UK Gambling Commission: No link between loot boxes and exposure to gambling

Commission tells it did not find loot boxes are gateway to gambling, despite what media reports claim

The UK Gambling Commission has refuted assertions from the media that it links the exposure of children to loot boxes as a gateway to gambling.

Following the Young People and Gambling 2018 report released this week -- which found that three in ten children had opened loot boxes while playing video games -- several news outlets extrapolated the connection.

However, speaking with, a Gambling Commission spokeswoman said the report does not make that claim.

"We've not in anyway, in the survey, referred to it as exposure to gambling," she said. "The reason we've asked that question is that it's a very popular subject matter and we want to try and make sure that we have as much information and data around it as possible."

For this first time, questions surrounding awareness and usage of loot boxes were added to the annual survey of nearly 3,000 children aged 11 to 16 years old.

Although the UK Gambling Commission has previously raised concerns with the "increasingly blurred" lines between games and gambling, it does not consider loot boxes as either gambling or a gateway.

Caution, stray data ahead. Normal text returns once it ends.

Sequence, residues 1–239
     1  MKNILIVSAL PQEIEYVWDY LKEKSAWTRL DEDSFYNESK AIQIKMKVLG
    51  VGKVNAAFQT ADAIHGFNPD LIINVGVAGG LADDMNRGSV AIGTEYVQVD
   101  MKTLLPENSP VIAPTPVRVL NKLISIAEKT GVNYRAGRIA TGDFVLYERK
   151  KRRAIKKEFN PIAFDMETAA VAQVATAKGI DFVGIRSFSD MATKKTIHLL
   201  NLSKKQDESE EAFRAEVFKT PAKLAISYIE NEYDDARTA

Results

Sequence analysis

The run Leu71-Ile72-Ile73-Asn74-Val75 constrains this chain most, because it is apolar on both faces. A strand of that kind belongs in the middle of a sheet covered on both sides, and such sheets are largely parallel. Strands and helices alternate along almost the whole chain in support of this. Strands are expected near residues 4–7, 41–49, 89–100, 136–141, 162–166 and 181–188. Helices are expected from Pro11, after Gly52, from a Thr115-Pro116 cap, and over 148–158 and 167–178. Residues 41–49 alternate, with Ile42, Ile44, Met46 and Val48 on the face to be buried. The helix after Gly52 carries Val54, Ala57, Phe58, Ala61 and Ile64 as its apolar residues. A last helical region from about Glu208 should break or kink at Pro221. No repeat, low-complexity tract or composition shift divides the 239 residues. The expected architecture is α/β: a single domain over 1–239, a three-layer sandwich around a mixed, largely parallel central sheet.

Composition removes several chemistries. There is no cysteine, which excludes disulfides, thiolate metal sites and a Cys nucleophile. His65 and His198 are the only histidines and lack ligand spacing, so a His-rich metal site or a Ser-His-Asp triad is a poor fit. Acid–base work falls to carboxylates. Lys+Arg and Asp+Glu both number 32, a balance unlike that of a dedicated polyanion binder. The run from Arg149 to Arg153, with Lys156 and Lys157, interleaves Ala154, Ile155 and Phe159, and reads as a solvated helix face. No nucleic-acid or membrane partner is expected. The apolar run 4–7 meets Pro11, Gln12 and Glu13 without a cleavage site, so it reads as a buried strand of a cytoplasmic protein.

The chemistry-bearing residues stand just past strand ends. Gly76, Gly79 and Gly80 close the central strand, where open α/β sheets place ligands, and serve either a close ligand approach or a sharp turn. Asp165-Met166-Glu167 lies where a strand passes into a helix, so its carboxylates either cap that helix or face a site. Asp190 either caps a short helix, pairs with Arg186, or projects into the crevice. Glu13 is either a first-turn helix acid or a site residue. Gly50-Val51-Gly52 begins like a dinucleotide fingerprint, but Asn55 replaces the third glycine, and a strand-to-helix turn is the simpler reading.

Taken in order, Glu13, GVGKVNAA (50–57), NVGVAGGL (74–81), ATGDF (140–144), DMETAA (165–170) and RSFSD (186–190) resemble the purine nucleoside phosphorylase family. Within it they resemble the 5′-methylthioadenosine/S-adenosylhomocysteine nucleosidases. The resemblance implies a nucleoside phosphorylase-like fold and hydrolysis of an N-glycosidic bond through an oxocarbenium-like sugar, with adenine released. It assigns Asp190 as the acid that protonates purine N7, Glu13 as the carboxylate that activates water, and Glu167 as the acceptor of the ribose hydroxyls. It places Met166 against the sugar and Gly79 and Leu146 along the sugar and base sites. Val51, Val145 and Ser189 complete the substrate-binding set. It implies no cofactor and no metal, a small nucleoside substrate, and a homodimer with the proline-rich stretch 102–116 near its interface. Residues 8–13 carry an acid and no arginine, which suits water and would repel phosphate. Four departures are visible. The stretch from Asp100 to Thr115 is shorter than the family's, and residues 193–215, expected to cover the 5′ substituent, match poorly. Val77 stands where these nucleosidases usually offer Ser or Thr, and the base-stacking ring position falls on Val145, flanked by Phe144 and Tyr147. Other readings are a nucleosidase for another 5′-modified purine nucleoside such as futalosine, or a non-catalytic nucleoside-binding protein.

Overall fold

While the survey did find the number of child gamblers has quadrupled in two years, it did not explicitly make the connection with loot boxes.

"I think the confusion is... across Europe there are different views," the spokeswoman added. "We are more aligned to what the Netherlands' stance is on it. Obviously Belgium has taken its own stance on it."

The survey did find that 15% of children aged between 11 and 16 are aware of skins betting websites, but only 3% have ever participated.

Awareness of loot boxes among children is considerably higher, with 54% of children knowing that it was possible to pay money for them in games, and 31% actually acquiring and opening them either through their parent or guardian, or their own means.

While UK Gambling Commission's stance remains unchanged, a recent survey by Dr David Zendle and Dr Paul Cairns of York St. John University and University of York supported academic claims that loot boxes are "psychologically akin to gambling".

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Latest comments (1)

Edward Buffery Head of LQA (UK), TestronicA year ago
I'm of the opinion that many implementations of loot boxes ARE a form of gambling. However, that still doesn't make them a gateway to other forms of gambling in the vast majority of cases. Most people who encounter loot boxes do so because they enjoy playing the games that they're found in. I find it unlikely that loot boxes will make a player give up a game in favour of looking for 'harder' forms of gambling... unless the rest of the game is comparatively rubbish, the person already has a high propensity for gambling addition, and yet they were somehow not previously aware that online gambling exists in many forms.
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